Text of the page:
The passphrase that can be set on the private key is unrelated to the SSH server or the connection to it. Setting a passphrase to the private key is merely a security measure the key owner may take in order to prevent access to his remote shell by a third party in case the private key gets stolen.
Unfortunately, you cannot force users to secure their private keys with passphrases. Sometimes, unprotected private keys are required in order to automate access to the remote SSH server. One good habit I highly recommend for such cases is to advise the users to hash the *known_hosts* file (stored at *~/.ssh/known_hosts*), which keeps information about the remote hosts the user connects to, using the following command:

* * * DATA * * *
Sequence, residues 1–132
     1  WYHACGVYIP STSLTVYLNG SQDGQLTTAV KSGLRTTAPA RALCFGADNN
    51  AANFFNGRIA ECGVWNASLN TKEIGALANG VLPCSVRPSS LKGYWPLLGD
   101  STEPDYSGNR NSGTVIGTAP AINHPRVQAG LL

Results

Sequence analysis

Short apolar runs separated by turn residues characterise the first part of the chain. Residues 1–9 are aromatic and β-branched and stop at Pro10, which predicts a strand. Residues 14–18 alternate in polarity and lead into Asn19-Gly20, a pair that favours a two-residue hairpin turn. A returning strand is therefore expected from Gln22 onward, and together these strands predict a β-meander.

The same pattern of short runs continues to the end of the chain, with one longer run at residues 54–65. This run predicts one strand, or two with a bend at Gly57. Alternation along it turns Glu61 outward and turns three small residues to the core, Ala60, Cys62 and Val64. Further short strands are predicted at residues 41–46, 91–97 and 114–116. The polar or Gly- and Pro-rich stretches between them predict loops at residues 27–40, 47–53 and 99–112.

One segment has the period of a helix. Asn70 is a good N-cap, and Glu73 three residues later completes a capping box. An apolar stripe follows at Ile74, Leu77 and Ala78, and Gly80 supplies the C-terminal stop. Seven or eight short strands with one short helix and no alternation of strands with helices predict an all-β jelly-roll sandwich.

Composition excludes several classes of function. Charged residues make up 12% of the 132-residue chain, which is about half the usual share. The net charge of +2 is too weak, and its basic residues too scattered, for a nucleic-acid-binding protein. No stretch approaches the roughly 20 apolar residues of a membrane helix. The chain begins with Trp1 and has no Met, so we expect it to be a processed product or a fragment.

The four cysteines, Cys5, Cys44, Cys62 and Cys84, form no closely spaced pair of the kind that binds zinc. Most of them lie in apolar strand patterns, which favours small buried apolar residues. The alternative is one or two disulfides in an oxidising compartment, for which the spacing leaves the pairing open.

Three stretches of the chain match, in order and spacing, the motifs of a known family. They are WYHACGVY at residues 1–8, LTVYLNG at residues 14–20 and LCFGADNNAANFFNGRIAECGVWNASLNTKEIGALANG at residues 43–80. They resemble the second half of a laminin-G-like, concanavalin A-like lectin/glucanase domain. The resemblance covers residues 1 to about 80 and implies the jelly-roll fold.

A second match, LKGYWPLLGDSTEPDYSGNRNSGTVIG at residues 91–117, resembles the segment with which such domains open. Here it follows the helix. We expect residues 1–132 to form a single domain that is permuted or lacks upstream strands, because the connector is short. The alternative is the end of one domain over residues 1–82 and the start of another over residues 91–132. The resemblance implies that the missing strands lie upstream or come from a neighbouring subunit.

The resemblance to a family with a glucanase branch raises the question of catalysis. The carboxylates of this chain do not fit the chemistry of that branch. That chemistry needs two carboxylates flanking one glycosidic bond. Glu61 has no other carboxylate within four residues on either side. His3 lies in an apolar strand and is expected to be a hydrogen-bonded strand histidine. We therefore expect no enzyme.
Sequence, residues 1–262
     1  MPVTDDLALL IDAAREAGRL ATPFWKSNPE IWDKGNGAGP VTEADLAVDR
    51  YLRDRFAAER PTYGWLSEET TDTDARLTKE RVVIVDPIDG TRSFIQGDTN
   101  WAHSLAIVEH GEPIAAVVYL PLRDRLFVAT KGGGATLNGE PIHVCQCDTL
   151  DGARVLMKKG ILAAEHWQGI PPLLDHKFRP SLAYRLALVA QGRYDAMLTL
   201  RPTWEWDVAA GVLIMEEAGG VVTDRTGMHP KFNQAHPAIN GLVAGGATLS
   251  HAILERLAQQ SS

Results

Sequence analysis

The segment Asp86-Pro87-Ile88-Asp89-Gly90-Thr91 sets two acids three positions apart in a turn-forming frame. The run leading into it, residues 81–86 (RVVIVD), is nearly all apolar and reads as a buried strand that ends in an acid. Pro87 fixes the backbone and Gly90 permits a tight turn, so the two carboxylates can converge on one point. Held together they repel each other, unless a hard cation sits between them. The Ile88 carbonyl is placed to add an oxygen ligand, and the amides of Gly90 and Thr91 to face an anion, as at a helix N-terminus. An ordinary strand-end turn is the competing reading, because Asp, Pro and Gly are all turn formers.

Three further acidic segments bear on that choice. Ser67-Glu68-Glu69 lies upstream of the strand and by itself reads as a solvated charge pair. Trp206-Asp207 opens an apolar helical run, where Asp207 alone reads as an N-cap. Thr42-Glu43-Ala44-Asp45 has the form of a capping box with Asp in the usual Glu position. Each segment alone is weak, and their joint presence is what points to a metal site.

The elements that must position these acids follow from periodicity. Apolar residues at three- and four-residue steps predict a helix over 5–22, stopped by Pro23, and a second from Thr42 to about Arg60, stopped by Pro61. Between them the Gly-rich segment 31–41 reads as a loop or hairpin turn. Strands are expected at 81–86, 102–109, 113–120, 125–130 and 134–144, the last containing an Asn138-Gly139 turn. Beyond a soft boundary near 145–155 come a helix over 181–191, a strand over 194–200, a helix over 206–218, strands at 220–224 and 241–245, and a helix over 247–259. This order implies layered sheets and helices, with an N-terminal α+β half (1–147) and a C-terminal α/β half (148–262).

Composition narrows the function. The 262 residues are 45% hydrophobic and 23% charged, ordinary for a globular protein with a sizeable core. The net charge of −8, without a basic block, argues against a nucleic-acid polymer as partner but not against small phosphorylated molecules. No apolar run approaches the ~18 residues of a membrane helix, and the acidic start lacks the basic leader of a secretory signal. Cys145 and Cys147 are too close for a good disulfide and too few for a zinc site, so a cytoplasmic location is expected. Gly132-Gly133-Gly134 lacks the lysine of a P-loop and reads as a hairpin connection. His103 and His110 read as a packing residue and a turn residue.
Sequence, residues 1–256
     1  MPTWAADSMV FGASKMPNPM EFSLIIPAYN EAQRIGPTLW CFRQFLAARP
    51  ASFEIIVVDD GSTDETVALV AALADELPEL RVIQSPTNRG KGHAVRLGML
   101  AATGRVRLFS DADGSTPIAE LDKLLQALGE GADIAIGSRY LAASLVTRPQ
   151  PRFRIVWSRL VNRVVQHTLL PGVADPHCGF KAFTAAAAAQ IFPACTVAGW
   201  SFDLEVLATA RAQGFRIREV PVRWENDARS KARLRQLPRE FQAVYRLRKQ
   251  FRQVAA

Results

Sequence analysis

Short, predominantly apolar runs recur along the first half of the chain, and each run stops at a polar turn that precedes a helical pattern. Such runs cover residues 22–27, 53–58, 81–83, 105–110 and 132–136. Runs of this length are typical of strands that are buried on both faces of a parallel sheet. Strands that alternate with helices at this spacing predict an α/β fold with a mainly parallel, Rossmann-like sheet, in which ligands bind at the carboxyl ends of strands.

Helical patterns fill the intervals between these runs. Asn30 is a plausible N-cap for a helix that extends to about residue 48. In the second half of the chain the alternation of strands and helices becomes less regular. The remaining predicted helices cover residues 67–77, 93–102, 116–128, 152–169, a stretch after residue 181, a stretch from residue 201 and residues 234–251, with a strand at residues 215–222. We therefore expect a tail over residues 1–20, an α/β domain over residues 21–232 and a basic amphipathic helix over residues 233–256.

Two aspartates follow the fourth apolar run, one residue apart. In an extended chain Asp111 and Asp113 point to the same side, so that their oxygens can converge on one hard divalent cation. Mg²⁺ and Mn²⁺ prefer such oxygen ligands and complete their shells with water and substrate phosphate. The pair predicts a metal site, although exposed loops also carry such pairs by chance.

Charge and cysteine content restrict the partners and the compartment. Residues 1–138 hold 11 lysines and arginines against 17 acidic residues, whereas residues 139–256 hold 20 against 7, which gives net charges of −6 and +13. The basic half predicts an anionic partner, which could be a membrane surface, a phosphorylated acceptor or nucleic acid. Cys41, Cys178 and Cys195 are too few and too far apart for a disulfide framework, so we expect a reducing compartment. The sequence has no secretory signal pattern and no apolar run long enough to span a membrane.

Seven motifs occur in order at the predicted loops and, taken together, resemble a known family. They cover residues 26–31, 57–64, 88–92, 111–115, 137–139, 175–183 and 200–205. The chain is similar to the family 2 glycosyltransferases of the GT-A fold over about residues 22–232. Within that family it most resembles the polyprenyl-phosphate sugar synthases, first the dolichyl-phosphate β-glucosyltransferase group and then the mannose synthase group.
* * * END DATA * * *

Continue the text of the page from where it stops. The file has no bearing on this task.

ssh-keygen -H -f ~/.ssh/known_hosts
This way, even if a third party gained access to an unprotected private key, it would be extremely difficult to find out for which remote hosts this key is valid. Of course, clearing the shell history is mandatory for this technique to be of any value.
Also, another thing you should always bear in mind, is not allow root to login remotely by adding the following in your SSH server's configuration (sshd_config):
On the other hand, if you want to prevent users from using keys to authenticate, but instead use passwords, you should add the following to your *sshd_config*: